A company’s cash-to-debt ratio measures its financial strength. The cash-to-debt ratio of NetApp (NTAP) in 1Q16 was 3.33x, which is higher than the industry median of 1.36x.
NetApp’s operating income in 1Q16 was -$26 million, and its interest expense was $11 million. A company’s interest coverage ratio determines how easily it can pay interest expenses on outstanding debt, but as NetApp’s operating income was negative, its interest coverage ratio cannot be calculated.
Current and quick ratio
Current and quick ratios measure a company’s ability to pay short-term obligations. NetApp’s current ratio is 2.47x higher than the industry median of 1.93x. The firm’s quick ratio is 2.39x higher than the industry median of 1.44x.
Price-to-earnings, price-to-book, and price-to-sales ratios
As the above chart shows, NetApps PE (price-to-earnings) ratio for 1Q16 was 21.70x lower than the industry median of 16.32x. Its PB (price-to-book) ratio and PS (price-to-sales) ratios were 3.04x and 1.63x, respectively, compared to the industry median of 1.38x and 0.84x, respectively. In comparison, the PE ratio of peer companies like SanDisk Corporation (SNDK) and Western Digital Corporation (WDC) were 23.80x and 13.35x, respectively, in the corresponding quarter.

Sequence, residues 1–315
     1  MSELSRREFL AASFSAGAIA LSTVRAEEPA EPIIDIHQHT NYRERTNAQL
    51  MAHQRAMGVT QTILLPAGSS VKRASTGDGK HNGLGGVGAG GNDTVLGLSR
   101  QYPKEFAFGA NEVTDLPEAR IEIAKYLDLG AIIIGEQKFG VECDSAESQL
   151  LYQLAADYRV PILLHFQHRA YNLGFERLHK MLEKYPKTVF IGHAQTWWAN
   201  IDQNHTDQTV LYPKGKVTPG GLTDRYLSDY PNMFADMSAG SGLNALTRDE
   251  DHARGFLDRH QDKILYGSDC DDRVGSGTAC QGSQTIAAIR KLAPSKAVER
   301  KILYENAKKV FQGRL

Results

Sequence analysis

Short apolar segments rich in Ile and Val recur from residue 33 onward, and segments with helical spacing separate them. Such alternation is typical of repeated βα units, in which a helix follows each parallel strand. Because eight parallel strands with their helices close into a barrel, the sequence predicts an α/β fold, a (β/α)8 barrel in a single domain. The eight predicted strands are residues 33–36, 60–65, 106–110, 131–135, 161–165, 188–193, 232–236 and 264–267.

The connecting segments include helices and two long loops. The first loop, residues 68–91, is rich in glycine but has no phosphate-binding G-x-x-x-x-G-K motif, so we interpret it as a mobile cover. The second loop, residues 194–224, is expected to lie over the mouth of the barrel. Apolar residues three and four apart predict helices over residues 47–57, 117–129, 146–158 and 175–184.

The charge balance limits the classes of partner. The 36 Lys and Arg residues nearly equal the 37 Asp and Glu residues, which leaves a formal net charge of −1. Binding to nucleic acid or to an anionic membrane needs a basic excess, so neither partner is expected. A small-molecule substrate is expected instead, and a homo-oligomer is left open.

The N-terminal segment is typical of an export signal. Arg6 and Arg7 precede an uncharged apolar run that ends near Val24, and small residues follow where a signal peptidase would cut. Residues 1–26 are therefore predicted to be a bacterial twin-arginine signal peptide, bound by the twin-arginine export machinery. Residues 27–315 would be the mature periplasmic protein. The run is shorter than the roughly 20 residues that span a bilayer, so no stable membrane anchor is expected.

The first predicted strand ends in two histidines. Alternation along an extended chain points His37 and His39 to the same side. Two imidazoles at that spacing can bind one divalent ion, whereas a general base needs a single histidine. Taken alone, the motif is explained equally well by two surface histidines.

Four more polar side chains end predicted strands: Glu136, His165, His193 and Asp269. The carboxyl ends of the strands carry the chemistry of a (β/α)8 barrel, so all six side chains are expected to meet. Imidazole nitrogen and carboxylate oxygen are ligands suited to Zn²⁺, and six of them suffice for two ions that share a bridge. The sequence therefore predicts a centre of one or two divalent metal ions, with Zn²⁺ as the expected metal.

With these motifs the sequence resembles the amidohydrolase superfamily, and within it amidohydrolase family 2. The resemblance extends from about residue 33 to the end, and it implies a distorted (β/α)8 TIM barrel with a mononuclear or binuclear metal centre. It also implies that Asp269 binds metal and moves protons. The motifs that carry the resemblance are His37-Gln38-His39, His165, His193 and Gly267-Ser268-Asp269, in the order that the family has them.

Dividend and share buyback
A company’s dividend yield measures how much it pays out in dividends each year relative to its share price. In 1Q16, NetApp’s trailing annual dividend yield was 2.17—close to the industry median of 2.25. NetApp’s average share buyback ratio over the past three years was 5.90x, compared to the industry median of -1.30x.
NetApp makes up 0.25% of the Technology Select Sector SPDR ETF (XLK) and 0.19% of the Powershares QQQ ETF (QQQ). Read the next and final part of this series for a look at NetApps’ stock in terms of its moving averages after the release of its 1Q16 earnings report.